8 JANUARY 2005

Page 3

PORTRAIT OW THE WEEK T o relieve the survivors of the

The Spectator

destructive wave in the Indian Ocean, British people donated £60 million in a week to the disaster emergency committee co-ordinated by the main aid charities. The Queen, who...

Page 4

Labour’s attack on the Crown

The Spectator

S ince 1997, in a cynical effort to prove that it values power for more than its own sake, the Blair government has sought to tear up the constitutional map and impose its own,...

Page 5

T his diary is what happens if the editor fails to

The Spectator

get a lobotomy. I had rung him to ask whether he’d like to grace Newsnight and the nation with his views on the affair between the former home secretary and the publisher of...

Page 6

There is a simple explanation for the Tories’ failure to put up a decent fight: David Davis

The Spectator

W hen Michael Howard became Tory leader, time was desperately short. For six and a half years, the Tories had been unable to convert Labour’s negatives to their positives. They...

Page 7

H earing about the tsunami on Boxing Day, I remembered Keith

The Spectator

and Nicki. Keith Lake used to be my driver when I was editor of the Daily Telegraph and remains a great friend. He and his wife Nicki were on holiday in the Maldives. I felt...

Page 8

Why China isn’t going to be a superpower

The Spectator

China has no exportable culture, she is militarily overrated and her economy is not as successful as it is cracked up to be. Martin Vander Weyer says it’s time we abandoned our...

Page 10

Mind your language

The Spectator

From 1 January 1888 ‘all substances, whether compound or otherwise, prepared in imitation of butter’ had to be offered for sale under the name of margarine . I can’t pretend...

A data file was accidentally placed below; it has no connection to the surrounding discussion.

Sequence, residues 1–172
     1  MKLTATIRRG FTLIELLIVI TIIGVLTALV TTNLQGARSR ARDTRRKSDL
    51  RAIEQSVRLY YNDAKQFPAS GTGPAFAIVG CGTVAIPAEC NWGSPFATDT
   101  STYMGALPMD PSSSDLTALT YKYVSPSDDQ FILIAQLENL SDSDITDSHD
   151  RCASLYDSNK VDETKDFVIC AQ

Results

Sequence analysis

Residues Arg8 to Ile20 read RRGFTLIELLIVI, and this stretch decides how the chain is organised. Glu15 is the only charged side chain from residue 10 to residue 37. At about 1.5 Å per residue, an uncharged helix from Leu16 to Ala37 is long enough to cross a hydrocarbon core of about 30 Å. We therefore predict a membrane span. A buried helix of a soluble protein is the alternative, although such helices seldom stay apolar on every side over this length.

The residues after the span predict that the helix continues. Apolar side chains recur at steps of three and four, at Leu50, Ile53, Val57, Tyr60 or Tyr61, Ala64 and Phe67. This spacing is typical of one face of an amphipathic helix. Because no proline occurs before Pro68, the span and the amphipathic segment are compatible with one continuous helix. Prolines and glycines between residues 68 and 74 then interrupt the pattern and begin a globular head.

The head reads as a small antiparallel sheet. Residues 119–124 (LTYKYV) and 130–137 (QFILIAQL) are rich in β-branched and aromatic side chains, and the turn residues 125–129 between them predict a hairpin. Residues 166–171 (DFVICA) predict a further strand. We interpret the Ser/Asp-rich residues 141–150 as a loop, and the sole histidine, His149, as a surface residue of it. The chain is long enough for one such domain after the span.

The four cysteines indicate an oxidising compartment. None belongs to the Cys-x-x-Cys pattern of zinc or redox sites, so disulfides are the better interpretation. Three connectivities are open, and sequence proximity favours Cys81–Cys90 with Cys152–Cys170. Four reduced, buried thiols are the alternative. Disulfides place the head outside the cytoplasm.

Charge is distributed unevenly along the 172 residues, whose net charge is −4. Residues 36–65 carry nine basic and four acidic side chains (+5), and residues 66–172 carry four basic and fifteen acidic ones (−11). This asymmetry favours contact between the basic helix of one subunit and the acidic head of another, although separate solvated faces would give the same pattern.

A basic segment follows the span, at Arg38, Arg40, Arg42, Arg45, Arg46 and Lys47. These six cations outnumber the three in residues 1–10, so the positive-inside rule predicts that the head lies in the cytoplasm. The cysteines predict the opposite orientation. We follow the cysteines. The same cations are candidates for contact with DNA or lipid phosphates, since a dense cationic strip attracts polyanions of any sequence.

The littoral truth

The Spectator

Andrew Gilligan on some of the myths the media have been peddling about the tsunami Colombo T he staff of Unicef’s Sri Lanka operation are in their Colombo offices dealing as...

Page 12

The agony and the osteopathy

The Spectator

Lloyd Evans was left a whimpering wreck when his back seized up. Then an alternative therapist got her hands on him... I was attacked last November. It happened without warning...

Page 13

Phoney war

The Spectator

Max Hastings says it’s about time our leaders stopped playing political games and accepted that ‘international terror’ cannot be defeated by conventional military means I f the...

Page 14


The Spectator

A weekly survey of world restrictions on freedom and free trade The national ‘giveathon’ provoked by Boxing Day’s tsunami in the Indian Ocean is an admirable response to an...

Page 15

Ancient & modern

The Spectator

The Archbeard of Canterbury has proclaimed that the tsunami disaster in Asia justifies people’s doubts about the existence of any God, let alone a good one. If he needs comfort...

The faithful departed

The Spectator

These are hard days for Methodists, but even as their numbers decline they are fighting the good fight. Sholto Byrne talks to their General Secretary ‘W here have all the...

Page 16


The Spectator

by Robert McCrum P.G. Wodehouse is still o n e of the world’s best-loved writers. Nearly thirty years after his death, over fifty-five of his n ovels are still i n pri n t. His...

Page 17

Sex, war and the Word

The Spectator

From Virginia Price Evans Sir: It is interesting how people reveal their prejudices by the words they use. So, to A.N. Wilson (‘Holy Sage’, 18/25 December) those who oppose...

Page 18

When newspapers turn to God, they become as confused as churchmen

The Spectator

T hese days the media do not show much interest in God. On television He was long ago shunted into the backwaters, though it is true He retains a bailiwick on Radio Four. You...

Page 19

Not really the right job for a chap with a collection of trophy penises

The Spectator

P itch it in your imagination, somewhere between Louis XIV on his couch at Versailles and a down-and-out on his cardboard litter under the railway arches at Charing Cross. Now...

Page 20

Instant ethics — just open the package and give your conscience a break

The Spectator

H ow convenient it would be if we could find something out of a package — a computer programme, presumably to do our conscience’s work for us. Then we could switch off and stop...

Page 21

The decline and fall of the femme fatale

The Spectator

M y old friend Peregrine Worsthorne was deploring the other day the decline in the quality of courtesans. And it is true that those who get themselves into the headlines today,...

Page 22

Unsparing, frivolous candour

The Spectator

Sam Leith T HE D IARIES OF C HARLES GREVILLE edited by Edward and Diana Pearce Pimlico, £18.99, pp. 368, ISBN 1844134040 V £16.99 (plus £2.25 p&p) 0870 800 4848 C harles...

Page 23

Failure to bore

The Spectator

Philip Ziegler M OMENTS OF V ISION : A M EMOIR by Elizabeth Basset The Ledburn Press, £15, pp. 160, ISBN 095491810X He sees Dickens and Jerrold performing Every Man in his...